Green Consumers Deluge Kellogg's Kashi With Pesticide Concerns
Friday, April 27, 2012
You might call it a tempest in a cereal bowl. Green consumers are feeling betrayed following reports of genetically-modified grains (GMO) and pesticide residues in Kashi cereal products.
Kashi, a division of Kellogg's, has a hugely loyal following among the Birkenstock set and its products can be found lining the shelves of Trader Joe's, Whole Foods and nearly every other organically-aware store.
Except, that is for the Green Grocer, a Portsmouth, R.I., store that cleared its shelves of Kashi products and posted a sign quoting a report, Cereal Crimes, by The Cornucopia Institute, a non-profit advocacy group, that alleged that Kashi and some other cereals packaged as "natural" nevertheless contain genetically-modified grains and pesiticide residues.
The explosion of consumer outrage is still echoing around the blogosphere and social media.
Lost all faith
Photo"I have lost all faith in Kellogg's and the food industry in general," said Joe of Westerly, R.I., in a ConsumerAffairs posting.
As images of the Green Grocer sign spread across the Web, one Facebook page collected more than 11,000 "shares" and angry consumers began calling and writing Kashi and posting comments on the company’s Facebook page expressing their outrage at being misled by the company’s marketing spin.
"Had I known I was buying a product that was like all the others in the "normal" cereal aisle....I would have never purchased it and I certainly would not have paid the high prices!!!!! It disgusts me," wrote one consumer, on Kashi’s Facebook page.
Kashi's response has been tepid at best. It has issued nothing on its media relations page, cited no expert opinion and so far put forth no top executives to defend the company.
In a posting on its Facebook page, Kashi says seven of its products are certified by the USDA as organic.
"We believe the credible way to provide information about GMOs is through USDA Organic certification and Non-GMO Project Verification. On store shelves now you can find seven of our foods with Non-GMO Project Verification, several others are USDA Organic certified and many more that contain organic ingredients," the company's statement said.
Also on its Facebook page, a person identified only as "Keegan," who says she is a nutritionist, discusses the "inaccurate information being circulated online" stumbling haltingly through an obviously-scripted video. She does not cite any academic credentials other than to claim to be a nutritionist.
In the video, the person who calls herself Keegan concedes that some Kashi products may contain GMOs but basically says it is not the company's fault, since so much of the grain grown in the U.S. is genetically modified. She said the company has a "longstanding commitment" to producing organic foods and repeats the assetion that seven products are now certified organic.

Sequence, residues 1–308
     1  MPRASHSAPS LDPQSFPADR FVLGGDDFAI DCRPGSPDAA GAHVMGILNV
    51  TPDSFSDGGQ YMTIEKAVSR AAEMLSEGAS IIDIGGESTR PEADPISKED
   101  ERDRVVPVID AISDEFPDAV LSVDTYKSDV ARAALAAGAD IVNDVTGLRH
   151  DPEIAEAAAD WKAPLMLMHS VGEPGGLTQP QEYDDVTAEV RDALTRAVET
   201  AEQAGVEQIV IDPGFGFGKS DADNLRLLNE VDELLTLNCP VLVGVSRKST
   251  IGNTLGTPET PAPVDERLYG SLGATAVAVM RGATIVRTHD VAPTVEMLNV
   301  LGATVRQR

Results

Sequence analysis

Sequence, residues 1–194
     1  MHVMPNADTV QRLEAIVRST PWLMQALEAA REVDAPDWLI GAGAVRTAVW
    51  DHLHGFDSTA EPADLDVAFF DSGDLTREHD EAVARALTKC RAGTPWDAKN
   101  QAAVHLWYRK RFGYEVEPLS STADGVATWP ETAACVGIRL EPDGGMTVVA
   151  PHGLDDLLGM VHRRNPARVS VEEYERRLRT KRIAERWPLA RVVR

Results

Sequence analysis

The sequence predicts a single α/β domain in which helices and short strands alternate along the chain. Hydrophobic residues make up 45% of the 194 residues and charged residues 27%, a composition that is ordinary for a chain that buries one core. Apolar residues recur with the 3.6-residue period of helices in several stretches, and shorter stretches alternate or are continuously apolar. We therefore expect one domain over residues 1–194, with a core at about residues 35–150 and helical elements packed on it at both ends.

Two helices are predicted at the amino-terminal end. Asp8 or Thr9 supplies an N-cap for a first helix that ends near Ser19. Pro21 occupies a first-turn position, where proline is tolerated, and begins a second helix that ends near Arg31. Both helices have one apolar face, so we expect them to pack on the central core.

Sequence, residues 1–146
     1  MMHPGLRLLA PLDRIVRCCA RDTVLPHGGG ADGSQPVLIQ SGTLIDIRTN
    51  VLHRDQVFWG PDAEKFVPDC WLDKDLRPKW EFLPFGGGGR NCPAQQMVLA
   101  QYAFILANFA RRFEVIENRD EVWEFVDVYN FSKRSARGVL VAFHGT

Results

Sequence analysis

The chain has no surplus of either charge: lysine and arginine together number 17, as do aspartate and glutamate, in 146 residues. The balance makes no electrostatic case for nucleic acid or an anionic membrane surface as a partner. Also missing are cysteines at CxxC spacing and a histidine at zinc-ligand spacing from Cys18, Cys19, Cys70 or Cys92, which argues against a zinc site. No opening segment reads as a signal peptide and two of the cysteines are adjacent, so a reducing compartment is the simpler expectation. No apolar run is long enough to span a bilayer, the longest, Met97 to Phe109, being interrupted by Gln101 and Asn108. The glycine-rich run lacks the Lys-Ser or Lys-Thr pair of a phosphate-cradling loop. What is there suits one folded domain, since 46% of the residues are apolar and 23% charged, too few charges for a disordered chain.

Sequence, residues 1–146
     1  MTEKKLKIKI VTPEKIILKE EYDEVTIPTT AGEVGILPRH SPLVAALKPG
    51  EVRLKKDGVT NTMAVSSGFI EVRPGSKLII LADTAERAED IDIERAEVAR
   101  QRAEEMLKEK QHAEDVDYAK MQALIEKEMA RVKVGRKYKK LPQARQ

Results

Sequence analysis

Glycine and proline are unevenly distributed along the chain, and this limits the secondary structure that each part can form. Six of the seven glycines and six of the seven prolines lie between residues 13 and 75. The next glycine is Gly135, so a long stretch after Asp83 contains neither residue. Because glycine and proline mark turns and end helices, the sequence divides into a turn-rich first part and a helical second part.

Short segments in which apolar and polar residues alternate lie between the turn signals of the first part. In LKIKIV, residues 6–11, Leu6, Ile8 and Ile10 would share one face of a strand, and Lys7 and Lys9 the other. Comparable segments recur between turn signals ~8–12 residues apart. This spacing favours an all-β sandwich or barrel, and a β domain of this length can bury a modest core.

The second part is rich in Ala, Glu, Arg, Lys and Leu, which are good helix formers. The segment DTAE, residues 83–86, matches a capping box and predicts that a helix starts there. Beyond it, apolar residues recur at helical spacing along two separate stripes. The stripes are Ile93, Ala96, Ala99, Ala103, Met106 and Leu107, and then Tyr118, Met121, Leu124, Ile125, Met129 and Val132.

As for pesticide residues, Keegan says in the video that all Kashi products meet USDA guidelines.
Keegan claims the information being circulated is "inaccurate and misleading" because, she says, it was not based on actual testing of Kashi products but was instead USDA data.
"This characterization of our work by Kashi is blatantly false," said Will Fantle, Cornucopia’s Research Director. "We purchased a readily available box of Kashi’s GoLean cereal from a Whole Foods store. We then sent a sample to an accredited national lab for testing, finding that the soy in the natural cereal was 100% GMO."
"Committed organic companies that source wholesome ingredients free from synthetic pesticides and GMOs are competing in the marketplace with giant multinationals such as Kraft Foods (Back to Nature), Pepsico (Mother’s) and Kellogg’s (Bear Naked/Kashi) and their misleading natural marketing claims," said Fantle. "When marketers intentionally mislead consumers with their ‘natural’ products, they are taking business away from those companies providing truly safe and healthy food and supporting certified organic farmers."
"We hope that companies like Kashi, marketing what they call natural foods, will instead choose to meet their consumers’ expectations by sourcing truly organic ingredients," Fantle added.
Below is a short video provided by Cornucopia. The Kashi video featuring "Keegan" does not contain the embed code or permissions required to display it here.
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